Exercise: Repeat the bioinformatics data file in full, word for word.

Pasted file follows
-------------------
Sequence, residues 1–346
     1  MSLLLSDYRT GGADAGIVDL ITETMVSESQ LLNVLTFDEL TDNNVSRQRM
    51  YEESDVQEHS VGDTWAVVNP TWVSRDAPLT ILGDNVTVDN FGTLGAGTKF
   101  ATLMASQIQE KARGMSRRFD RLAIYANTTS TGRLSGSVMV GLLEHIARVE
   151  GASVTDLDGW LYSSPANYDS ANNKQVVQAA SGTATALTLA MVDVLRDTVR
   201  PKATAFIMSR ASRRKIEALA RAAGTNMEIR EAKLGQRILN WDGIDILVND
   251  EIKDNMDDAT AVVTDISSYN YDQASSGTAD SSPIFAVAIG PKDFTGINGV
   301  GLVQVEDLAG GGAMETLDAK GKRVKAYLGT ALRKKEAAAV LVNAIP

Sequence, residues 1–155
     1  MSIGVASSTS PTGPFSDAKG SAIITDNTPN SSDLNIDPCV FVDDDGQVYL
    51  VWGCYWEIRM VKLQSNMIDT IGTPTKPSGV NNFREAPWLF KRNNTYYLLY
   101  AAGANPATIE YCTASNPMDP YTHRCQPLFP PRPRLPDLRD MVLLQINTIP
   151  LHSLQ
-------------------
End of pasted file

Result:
Sequence, residues 1–346
     1  MSLLLSDYRT GGADAGIVDL ITETMVSESQ LLNVLTFDEL TDNNVSRQRM
    51  YEESDVQEHS VGDTWAVVNP TWVSRDAPLT ILGDNVTVDN FGTLGAGTKF
   101  ATLMASQIQE KARGMSRRFD RLAIYANTTS TGRLSGSVMV GLLEHIARVE
   151  GASVTDLDGW LYSSPANYDS ANNKQVVQAA SGTATALTLA MVDVLRDTVR
   201  PKATAFIMSR ASRRKIEALA RAAGTNMEIR EAKLGQRILN WDGIDILVND
   251  EIKDNMDDAT AVVTDISSYN YDQASSGTAD SSPIFAVAIG PKDFTGINGV
   301  GLVQVEDLAG GGAMETLDAK GKRVKAYLGT ALRKKEAAAV LVNAIP

Sequence, residues 1–155
     1  MSIGVASSTS PTGPFSDAKG SAIITDNTPN SSDLNIDPCV FVDDDGQVYL
    51  VWGCYWEIRM VKLQSNMIDT IGTPTKPSGV NNFREAPWLF KRNNTYYLLY
   101  AAGANPATIE YCTASNPMDP YTHRCQPLFP PRPRLPDLRD MVLLQINTIP
   151  LHSLQ